Personality, Type A/Type B
Personality, Type A/Type B
The roles that personality and behavior play in illness and disease can sometimes be difficult to determine. Because specific personality or lifestyle characteristics cannot be randomly assigned to people, researchers must rely on longitudinal and prospective studies. In these studies, factors that are suspected to be related to disease proneness must be shown to predict health outcomes, sometimes by following participants for a period of many years. In the late 1950s, two California cardiologists named Meyer Friedman (1910–2001) and Ray Rosenman proposed a specific personality type that, based on their clinical experiences, seemed to be associated with high frequencies of cardiovascular disease. In 1960, Friedman and Rosenman began the Western Collaborative Group Study. In this longitudinal study, the researchers followed over 3,000 healthy adult males aged 39 to 59 for more than eight years. Their goal was to determine the relationships among personality, behavior, and the development of heart disease.
At the start of their study, Friedman, Rosenman, and their colleagues conducted 15-minute structured interviews that focused on both verbal and nonverbal behaviors. Participants answered questions about everyday events, such as waiting in lines, driving in traffic, and dealing with problems at home. In addition, interviewers assessed how loud and fast participants spoke during the interview and how they reacted when they were deliberately interrupted during the interview. Based on these taped interviews, the researchers identified different patterns based on a combination of physical, emotional, psychological, and behavioral indicators. Among these patterns was what the researchers called the Type A pattern, the Type B pattern, and mixtures of the two types.
Physical indicators of Type A Behavior Pattern (TABP) include excess perspiration; facial muscle tension and tics; high levels of alertness and hyperactivity; high levels of epinephrine and norepinephrine (hormones associated with stress); and increased heart rate and levels of diastolic and systolic blood pressure. Emotional indicators include high levels of stress, irritation, hostility, anger, and aggression (especially under provoking conditions). Psychological indicators include impatience; strictness, rigidity, and perfectionism; low tolerance for mistakes; low self-esteem; personal insecurity; compulsiveness; and a high need for control. Finally, examples of behavioral indicators include a general sense of time urgency; losing one’s temper while driving; speaking loudly and quickly; interrupting other people’s speech; teeth and tongue clicking; a chronic focus on success, ambition, competitiveness, and achievement; and workaholism.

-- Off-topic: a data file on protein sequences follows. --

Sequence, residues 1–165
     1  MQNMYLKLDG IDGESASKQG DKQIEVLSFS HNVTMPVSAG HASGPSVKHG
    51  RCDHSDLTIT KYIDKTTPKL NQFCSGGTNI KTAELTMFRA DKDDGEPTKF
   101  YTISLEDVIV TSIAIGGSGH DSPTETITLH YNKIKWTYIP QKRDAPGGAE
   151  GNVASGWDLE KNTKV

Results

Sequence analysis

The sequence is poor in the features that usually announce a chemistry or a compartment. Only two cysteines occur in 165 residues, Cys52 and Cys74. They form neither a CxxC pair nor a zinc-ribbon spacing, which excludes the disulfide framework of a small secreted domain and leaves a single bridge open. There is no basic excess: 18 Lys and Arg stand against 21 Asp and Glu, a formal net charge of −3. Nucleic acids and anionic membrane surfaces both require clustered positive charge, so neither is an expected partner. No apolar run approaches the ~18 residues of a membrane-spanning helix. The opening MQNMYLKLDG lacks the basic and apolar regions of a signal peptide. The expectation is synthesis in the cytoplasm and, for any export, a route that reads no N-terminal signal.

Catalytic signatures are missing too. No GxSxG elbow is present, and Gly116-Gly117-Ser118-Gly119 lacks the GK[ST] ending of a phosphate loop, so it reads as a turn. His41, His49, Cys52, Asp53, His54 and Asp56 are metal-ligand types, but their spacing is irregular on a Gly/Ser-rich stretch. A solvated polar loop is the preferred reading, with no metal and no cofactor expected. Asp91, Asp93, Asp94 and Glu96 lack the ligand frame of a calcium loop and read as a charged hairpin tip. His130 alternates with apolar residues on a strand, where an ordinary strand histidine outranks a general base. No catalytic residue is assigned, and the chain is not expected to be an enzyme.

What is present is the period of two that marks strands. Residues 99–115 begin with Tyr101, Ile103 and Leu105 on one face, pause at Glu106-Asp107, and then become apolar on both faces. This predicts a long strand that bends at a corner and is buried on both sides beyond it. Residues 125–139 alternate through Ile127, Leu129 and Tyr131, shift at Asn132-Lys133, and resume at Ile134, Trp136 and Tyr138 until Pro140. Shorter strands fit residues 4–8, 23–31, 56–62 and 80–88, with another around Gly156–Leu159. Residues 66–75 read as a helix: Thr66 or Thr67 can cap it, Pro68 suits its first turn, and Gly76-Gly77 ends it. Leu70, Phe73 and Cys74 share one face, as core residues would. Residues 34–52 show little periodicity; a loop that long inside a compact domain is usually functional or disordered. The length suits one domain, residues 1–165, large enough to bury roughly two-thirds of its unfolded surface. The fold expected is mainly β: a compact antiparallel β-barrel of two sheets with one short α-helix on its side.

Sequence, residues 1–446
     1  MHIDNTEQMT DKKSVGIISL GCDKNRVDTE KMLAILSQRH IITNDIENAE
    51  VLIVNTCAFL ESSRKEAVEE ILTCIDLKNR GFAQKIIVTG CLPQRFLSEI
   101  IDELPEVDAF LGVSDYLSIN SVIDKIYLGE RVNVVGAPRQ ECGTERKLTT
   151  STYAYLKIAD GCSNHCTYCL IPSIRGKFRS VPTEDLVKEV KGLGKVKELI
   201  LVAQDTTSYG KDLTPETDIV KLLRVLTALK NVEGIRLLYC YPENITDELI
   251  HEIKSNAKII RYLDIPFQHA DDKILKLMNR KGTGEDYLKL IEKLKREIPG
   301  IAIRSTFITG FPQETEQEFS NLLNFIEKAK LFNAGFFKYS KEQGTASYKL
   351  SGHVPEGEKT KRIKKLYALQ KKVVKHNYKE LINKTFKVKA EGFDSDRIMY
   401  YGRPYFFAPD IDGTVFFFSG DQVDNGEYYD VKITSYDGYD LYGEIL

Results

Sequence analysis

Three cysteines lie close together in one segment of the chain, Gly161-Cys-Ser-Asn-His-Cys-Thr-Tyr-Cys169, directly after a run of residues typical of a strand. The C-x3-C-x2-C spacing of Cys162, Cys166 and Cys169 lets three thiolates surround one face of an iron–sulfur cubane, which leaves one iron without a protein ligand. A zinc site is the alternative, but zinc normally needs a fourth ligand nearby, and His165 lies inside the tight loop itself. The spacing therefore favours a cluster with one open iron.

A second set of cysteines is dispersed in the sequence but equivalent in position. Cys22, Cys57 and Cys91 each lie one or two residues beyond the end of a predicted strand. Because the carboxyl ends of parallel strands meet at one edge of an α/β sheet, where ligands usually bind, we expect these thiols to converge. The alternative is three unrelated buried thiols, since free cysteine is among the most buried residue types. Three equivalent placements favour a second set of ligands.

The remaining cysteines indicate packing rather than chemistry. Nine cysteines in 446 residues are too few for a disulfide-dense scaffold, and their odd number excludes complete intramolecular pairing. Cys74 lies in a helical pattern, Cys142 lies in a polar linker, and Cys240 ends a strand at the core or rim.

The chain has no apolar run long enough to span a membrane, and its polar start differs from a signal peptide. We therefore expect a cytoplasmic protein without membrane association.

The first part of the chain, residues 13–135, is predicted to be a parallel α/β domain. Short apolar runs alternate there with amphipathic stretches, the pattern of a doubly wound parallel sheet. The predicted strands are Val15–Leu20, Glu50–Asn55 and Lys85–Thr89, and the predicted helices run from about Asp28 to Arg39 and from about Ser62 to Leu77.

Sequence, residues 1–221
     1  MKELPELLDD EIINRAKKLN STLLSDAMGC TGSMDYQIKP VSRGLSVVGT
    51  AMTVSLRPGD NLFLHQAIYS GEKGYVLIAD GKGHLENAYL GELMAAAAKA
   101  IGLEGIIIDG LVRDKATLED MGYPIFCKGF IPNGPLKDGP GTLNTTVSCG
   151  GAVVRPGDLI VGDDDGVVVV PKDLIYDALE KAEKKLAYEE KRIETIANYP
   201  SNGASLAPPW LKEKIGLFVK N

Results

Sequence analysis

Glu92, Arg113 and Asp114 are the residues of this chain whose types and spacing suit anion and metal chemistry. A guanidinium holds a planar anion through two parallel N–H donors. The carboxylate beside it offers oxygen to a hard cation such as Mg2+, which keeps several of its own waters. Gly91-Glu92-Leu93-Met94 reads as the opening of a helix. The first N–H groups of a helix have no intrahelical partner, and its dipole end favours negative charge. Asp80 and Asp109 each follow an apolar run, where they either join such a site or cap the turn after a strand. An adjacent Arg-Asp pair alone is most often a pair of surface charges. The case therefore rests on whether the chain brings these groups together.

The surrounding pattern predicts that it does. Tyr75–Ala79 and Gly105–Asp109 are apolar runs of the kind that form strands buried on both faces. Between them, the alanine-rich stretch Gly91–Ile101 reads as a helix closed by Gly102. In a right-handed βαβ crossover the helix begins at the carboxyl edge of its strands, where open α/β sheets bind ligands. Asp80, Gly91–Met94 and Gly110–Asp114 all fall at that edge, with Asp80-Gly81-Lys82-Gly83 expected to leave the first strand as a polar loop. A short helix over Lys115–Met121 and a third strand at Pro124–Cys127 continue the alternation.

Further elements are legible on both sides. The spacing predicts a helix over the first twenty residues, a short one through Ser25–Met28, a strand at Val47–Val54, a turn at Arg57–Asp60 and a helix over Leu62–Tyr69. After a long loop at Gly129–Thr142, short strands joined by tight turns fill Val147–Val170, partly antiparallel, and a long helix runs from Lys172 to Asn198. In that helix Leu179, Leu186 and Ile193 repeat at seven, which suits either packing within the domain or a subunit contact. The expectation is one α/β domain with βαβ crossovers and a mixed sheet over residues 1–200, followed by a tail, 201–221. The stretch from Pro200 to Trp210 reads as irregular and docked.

Early proponents of TABP sometimes referred to it as the “hurry sickness,” in order to highlight those factors related to the perception of and use of time. Several TABP indicators are thought to be influenced by European and North American social, cultural, and economic values. For example, job promotions and social prestige may often be tied to how much Type A behavior a person shows. The work climate and demands of many kinds of jobs may also reinforce Type A behaviors.
In contrast to the Type A pattern, Type B behavior pattern is characterized by a more calm and even-tempered demeanor. With regard to physical indicators, Type B individuals show more muscle relaxation and lower levels of activity and alertness. Emotionally, such personality types show less frequent irritation, anger, hostility, and aggression than Type A individuals. Psychologically, Type B persons are methodical, tolerant of mistakes, and personally secure. Finally, Type B individuals are more cooperative and relaxed and less achievement-oriented than their Type A counterparts. In the Western Collaborative Group Study, the TABP proved to be a significant predictor of coronary heart disease (CHD), with Type A men showing almost twice the risk of developing CHD than Type B men. In that study, the TABP predicted increased incidence of CHD independent of other risk factors such as smoking, exercise frequency, and parental history of heart disease.
As these findings were publicized and tested more fully, several concerns arose regarding the original conception of TABP. First, questions about the best way to assess the pattern emerged. In an effort to assess TABP more efficiently than through the time-consuming individual structured interviews, researchers developed several self-report measures. For example, the multiple-choice Jenkins Activity Survey (JAS), developed in 1979, assesses many of the attitudes and behaviors originally identified as comprising the TABP. However, concerns have arisen about how well the JAS and other measures capture the major dimensions of TABP. For instance, the JAS devotes less attention to the hostility component than seems to be warranted, and scores on the JAS are only weakly related to incidence of CHD. Nonetheless, this measure continues to be the most frequently used instrument in studies of the TABP. More recently, some researchers have utilized videotaped structured interview protocols.